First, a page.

Ford Authority

Ford Lays Off More Workers Amid Ongoing UAW Strike (Updated)

With the United Auto Workers (UAW) strike against Ford, General Motors, and Stellantis on the cusp of reaching the one month mark, the union has thus far walked out of several plants owned and operated by the Detroit Big Three automakers. On The Blue Oval side of the equation, that includes the Michigan Assembly plant, which builds the Ford Bronco and Ford Ranger, the Chicago Assembly plant, where it produces the Ford Explorer and Lincoln Aviator, and just last night, it added the Kentucky Truck plant to that list, which produces the Ford Super Duty, Ford Expedition, and Lincoln Navigator. As a result, FoMoCo has also laid off over 1,000 workers at various other facilities that support those plants, and that number continues to grow, as the automaker has laid off an additional 58 workers at the Sterling Axle plant.

“Our production system is highly interconnected, which means the UAW’s targeted strike strategy will have knock-on effects for facilities that are not directly targeted for a work stoppage,” Ford said in a statement. “In this case, the strike at Chicago Assembly Plant has directly impacted some operations at Sterling Axle Plant. An additional 58 Sterling Axle Plant employees were asked not to report to work beginning October 11th, bringing Sterling Axle’s layoff total to 133. Those employees will be coded with the appropriate code beginning at their next reported shift and continuing until further notice. This is not a lock out. This layoff is a consequence of the strike at Chicago Assembly Plant, because Sterling Axle Plant must reduce its production of parts that would normally be shipped to Chicago Assembly Plant.”

Ford UAW Strike Layoffs October 12

After laying off 600 workers at the Michigan Assembly plant, the expanded strike at Chicago Assembly has thus far resulted in 243 layoffs at the Chicago Stamping plant, 184 at the Lima Engine plant in Ohio, as well as 391 at the Livonia Transmission plant, 133 at the Sterling Axle plant, and 372 at the Cleveland Engine plant – for a total of 1,920 total layoffs. However, it isn’t just Ford and its counterparts that are feeling the effects of the the UAW strike, as it’s also impacting around 30 percent of automotive suppliers as well.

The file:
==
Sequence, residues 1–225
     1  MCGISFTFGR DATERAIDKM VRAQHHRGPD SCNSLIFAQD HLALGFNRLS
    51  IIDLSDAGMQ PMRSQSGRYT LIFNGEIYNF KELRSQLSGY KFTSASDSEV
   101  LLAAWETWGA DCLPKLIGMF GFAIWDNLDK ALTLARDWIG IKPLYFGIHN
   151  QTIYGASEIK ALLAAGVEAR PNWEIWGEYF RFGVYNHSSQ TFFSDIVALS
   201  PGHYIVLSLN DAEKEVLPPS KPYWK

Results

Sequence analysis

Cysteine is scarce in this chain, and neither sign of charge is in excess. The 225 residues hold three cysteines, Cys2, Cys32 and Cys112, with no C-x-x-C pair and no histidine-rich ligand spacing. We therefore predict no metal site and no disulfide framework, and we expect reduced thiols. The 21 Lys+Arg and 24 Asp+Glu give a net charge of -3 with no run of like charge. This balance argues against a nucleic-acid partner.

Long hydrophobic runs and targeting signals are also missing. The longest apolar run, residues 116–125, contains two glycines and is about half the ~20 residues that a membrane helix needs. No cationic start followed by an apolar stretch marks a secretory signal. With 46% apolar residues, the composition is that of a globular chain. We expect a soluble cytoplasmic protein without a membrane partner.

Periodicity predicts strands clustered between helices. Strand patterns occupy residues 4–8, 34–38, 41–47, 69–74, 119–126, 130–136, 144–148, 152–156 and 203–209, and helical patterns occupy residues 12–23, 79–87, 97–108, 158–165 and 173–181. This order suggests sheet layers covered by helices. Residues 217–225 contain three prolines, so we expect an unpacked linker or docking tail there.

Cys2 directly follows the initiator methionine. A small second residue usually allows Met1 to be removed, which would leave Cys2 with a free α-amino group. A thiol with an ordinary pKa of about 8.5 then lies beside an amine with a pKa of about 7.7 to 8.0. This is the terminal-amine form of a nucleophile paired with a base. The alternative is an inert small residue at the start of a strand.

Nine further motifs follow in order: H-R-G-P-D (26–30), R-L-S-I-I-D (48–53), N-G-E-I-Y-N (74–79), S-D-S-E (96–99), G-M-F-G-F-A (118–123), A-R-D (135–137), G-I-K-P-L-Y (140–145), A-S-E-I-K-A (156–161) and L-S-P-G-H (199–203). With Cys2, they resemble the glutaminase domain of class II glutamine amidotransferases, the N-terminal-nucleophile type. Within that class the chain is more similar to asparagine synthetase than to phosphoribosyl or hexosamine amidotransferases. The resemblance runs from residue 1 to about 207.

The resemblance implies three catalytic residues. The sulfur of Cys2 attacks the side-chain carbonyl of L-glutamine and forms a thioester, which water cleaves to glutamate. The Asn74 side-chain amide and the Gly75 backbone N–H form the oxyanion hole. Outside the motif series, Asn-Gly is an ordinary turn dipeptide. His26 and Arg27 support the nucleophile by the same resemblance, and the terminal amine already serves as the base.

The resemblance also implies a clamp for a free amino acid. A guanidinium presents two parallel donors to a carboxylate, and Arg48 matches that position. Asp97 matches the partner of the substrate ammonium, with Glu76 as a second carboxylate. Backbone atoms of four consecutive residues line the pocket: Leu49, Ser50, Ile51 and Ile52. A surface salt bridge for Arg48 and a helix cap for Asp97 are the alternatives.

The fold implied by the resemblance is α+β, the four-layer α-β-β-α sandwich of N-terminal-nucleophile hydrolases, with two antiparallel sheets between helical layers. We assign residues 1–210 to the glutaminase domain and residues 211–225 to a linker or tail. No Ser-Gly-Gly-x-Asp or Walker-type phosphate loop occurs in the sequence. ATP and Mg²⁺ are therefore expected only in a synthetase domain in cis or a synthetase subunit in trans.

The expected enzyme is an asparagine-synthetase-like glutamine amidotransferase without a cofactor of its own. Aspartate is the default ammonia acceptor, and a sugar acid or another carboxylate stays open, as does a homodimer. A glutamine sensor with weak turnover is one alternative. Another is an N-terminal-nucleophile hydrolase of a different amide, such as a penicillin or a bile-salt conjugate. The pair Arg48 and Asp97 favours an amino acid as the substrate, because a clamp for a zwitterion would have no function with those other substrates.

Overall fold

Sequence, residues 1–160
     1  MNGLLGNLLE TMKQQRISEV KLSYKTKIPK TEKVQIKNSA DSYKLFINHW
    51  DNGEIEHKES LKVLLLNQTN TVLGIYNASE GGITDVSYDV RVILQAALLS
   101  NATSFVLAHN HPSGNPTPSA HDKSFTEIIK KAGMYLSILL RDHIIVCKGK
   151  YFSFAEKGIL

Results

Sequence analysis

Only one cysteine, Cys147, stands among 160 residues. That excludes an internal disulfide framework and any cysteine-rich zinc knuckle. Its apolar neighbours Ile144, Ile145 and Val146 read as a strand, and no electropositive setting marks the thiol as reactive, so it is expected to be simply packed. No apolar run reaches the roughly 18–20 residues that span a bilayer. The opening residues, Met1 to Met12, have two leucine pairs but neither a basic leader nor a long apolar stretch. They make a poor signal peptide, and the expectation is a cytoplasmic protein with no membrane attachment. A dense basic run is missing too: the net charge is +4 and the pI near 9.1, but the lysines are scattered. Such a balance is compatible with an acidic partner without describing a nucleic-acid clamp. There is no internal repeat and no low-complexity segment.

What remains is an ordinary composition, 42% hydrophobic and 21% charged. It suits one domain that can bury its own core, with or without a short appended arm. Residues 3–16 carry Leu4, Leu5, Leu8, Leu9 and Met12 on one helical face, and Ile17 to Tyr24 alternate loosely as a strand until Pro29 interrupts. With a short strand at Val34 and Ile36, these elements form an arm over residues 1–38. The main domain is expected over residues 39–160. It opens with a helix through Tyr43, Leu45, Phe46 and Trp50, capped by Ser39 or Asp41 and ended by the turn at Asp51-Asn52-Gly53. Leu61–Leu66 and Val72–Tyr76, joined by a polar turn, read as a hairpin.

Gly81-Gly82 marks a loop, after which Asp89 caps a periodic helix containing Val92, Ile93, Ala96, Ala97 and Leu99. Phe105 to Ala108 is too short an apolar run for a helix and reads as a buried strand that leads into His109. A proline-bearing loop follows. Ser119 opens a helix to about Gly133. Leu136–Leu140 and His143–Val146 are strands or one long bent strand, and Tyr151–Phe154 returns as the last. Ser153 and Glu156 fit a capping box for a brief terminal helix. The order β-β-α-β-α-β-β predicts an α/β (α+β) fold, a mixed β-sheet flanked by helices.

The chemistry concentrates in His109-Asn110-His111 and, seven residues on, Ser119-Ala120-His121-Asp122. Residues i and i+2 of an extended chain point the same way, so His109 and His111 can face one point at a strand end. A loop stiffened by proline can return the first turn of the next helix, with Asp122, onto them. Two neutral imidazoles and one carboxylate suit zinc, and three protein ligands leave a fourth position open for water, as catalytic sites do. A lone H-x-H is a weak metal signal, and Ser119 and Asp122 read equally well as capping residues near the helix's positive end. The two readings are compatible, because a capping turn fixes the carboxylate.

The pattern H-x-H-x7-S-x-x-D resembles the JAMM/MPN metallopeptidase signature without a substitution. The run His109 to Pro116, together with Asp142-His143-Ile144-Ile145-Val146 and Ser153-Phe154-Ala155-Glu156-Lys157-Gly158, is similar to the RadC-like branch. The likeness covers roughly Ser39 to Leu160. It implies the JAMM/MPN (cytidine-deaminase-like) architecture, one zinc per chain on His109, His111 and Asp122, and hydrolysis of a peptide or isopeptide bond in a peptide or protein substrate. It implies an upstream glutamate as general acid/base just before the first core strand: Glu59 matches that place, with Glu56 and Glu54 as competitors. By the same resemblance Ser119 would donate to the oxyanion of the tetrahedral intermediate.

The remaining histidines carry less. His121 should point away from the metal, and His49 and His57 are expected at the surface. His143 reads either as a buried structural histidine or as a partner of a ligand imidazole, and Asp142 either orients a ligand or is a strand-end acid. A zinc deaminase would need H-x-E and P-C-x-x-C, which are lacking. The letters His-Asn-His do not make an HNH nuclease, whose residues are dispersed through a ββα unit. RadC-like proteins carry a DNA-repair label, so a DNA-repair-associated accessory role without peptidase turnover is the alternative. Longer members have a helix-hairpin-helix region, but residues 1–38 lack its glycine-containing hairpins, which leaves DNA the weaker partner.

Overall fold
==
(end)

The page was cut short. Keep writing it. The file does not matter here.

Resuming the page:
In spite of the fact that UAW President Shawn Fain recently said that the union has made “significant” progress in contract talks, two major sticking points remain that have yet to be overcome – the union’s desire to restore the same retirement security that was previously provided by pre-2007 defined benefit pension plans, as well as including existing and future joint-venture EV battery plants in master contracts with automakers

We’ll have more on the UAW strike soon, so be sure and subscribe to Ford Authority for the latest Ford-UAW news, UAW news, and comprehensive Ford news coverage.

Update: Ford spokesperson Daniel Barbossa reached out to clarify the number of employees laid off at each plant thus far, as some previously-reported numbers were incorrect.

Brett's lost track of all the Fords he's owned over the years and how much he's spent modifying them, but his current money pits include an S550 Mustang and 13th gen F-150.

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  1. whypac

    Striking UAW should be responsible for everyone losing their income due to their strike.

  2. steve

    That’s an interesting point whypac. I wonder how these UAW workers would react if their union had to reimburse all those that have been laid off due to the strike. A little back pay from the union coffers. I think that’s fair. I bet Shawn Fain would settle the strike really quick if that was the case.

  3. Rick DeSalvo

    I completely understand the need for organized labor. I was a chief negotiator for many years on a much smaller scale of course. As a consumer, I also feel that the auto makers are way too greedy with their MSRP prices. In my opinion, if real and honest talks are to occur, they must occur behind closed doors with nothing being said from either side until the process is complete. Then and only then do you give your membership their opportunity to vote for or against. Fain strikes me as seeing himself as a rock star, the savior of mankind! He comes off as being a rebellious type with a we want all attitude. He is stirring the pot among the workers, who do deserve more, but in a way that I see as counter productive. With the current political climate your strike seems inconsequential to the possibility of global war!!!!

  4. Samuel Hay

    I worked at Ohio Assembly Plant in Avon Lake, Oh during from 2008 – 2013 and Lorain Assembly Plant before that. When the recession hit in that timeframe the UAW Ford workers gave huge concessions to FoMoCo. We had one pay raise in four years which the UAW pushed the members to give up so Ford could offset retirees benefits. We lost our COLA benefit that kept us somewhat even with inflation. When striking no one wins! But when Ford wants to keep getting record profits and not compensate the workers that make those profits for the company something has to give. When terms of a new contract came to our floor, they would have a “High Lights” paper telling all the good stuff. I always told the Committee People to show me the “low lights”; how is this gonna mess me up. I always attempted to do all I could as a Ford worker to make Ford a profitable company. For I understood that when Ford was successful I would be successful. Is the UAW always correct, no way! But in like manner neither is Ford Motor Co.

  5. Gary Hedman

    How about fire everyone and go nonunion. People can’t afford a $100k truck because of Union pay.


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